“But every man is tempted, when he is drawn away of his own lust, and enticed.” (James 1:14)
“Then when lust hath conceived, it bringeth forth sin: and sin, when it is finished, bringeth forth death.” (James 1:15)
The flaw in fallen man is that, until regeneration by the Spirit of God, his soul (or his seat of emotions) is in control of the man. In turn, the soul in fallen man is controlled by his fleshly desires, which the Bible calls his “lusts.”
Lust in itself is not evil. Lust is defined in the Greek word “epithumia.” This word denotes, or describes, “strong desire” of any kind. The kind of lust (good or evil) is specified by the adjective describing the desire. There are only three places in the New Testament that “epithumia” (lust) is used in describing a “good” desire (Luke 22:15; Philippians 1:23; 1 Thessalonians 2:17). Everywhere else this word is used in the New Testament, it is defining an evil desire.
How sin reigns in the unregenerated man’s body is through “lust” (Romans 6:12). Paul calls lust, “the lusts of the flesh” (Romans 13:14; Galatians 5:16, 24; Ephesians 2:3); as do Peter and John (2 Peter 2:18; 1 John 2:16). “This phrase describes the emotions of the soul, the natural tendency towards things evil.” A man’s lusts become evil when his desires are not in line with God’s will.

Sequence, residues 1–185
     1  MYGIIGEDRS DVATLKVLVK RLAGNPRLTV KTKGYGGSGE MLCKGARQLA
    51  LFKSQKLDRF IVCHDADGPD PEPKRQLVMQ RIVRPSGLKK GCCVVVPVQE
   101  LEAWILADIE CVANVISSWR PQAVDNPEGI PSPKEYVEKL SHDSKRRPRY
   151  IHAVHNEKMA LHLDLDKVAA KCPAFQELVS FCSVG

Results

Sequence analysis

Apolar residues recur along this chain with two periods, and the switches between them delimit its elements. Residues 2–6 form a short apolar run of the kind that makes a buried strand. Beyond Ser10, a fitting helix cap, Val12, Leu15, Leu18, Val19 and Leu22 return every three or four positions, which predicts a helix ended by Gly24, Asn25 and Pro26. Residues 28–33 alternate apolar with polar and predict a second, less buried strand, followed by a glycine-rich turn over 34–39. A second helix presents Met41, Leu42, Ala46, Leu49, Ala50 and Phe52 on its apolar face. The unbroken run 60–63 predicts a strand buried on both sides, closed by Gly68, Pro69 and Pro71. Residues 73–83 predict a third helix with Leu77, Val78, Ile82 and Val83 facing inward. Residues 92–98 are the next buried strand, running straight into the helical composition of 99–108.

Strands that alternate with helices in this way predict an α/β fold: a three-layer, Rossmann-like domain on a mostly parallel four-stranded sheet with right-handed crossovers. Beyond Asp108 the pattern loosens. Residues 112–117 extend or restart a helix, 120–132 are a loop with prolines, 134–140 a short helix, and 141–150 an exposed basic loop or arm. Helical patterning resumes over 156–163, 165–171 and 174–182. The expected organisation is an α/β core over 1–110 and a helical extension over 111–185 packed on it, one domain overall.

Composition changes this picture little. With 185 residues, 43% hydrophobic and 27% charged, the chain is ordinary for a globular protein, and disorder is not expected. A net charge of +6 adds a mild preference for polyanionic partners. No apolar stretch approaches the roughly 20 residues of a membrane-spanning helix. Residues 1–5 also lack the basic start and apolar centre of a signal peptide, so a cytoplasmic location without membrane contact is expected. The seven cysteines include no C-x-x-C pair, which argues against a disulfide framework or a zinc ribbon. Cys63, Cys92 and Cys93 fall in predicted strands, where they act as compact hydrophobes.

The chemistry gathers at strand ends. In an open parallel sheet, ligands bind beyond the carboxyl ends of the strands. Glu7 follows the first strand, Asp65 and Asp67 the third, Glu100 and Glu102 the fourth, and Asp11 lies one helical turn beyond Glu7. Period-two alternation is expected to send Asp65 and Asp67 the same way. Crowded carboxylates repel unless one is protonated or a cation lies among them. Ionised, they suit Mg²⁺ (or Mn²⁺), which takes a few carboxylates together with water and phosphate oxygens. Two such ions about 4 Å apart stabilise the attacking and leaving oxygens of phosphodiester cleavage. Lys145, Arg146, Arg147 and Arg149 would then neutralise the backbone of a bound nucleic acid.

The Bible is very clear in describing what happened to man’s spirit when he sinned against God in Adam and Eve in the Garden of Eden. (See Genesis 2:16-17; 3:1-21.) God told Adam, in the day you break My law (or sin, overstep the boundary), then you shall die. Paul clarifies this death (Romans 5:12; 6:23; Ephesians 2:1) as a spiritual death (meaning a separation from God). Paul also reveals, in Hebrews 4:12, that in sin, in man’s dead position in sins and trespasses, the soul and spirit became one.
When this happened in Adam and all of his posterity (1 Corinthians 15:21); man fell under the law of sin and of death. His will then was to follow the lust of the flesh, lust of the eye, and pride of life. (See Ephesians 2:1-3; 1 John 2:15-17.) From that moment until the man is regenerated by the Spirit of God, his will is to be ruled by the flesh, or by his soul; his soul is dead and void of the love of God, and therefore fills itself with sin. Until regeneration, there is no way that man can endure temptation. The soul, or the flesh, is in control and his will is to fulfill the lusts of the flesh.
However, James wrote to regenerated people, or what we call “saved people”; people who have been born again, or born from above (John 3:3-8); people who have been given, not the spirit of fear, but of adoption, whereby they cry “Abba, Father” (Romans 8:14-16; Galatians 4:5-6). James gives the explanation in James 1:12-13. The saved man has no excuse; for the problem is not God, but the individual; for God cannot tempt man to evil. What James has done in our text verses (1:14-15) is to alert the child of God; to give him knowledge and make him responsible for daily sins committed. The problem is still the same with both the lost and the saved, inward lusts. “But every man is tempted, when…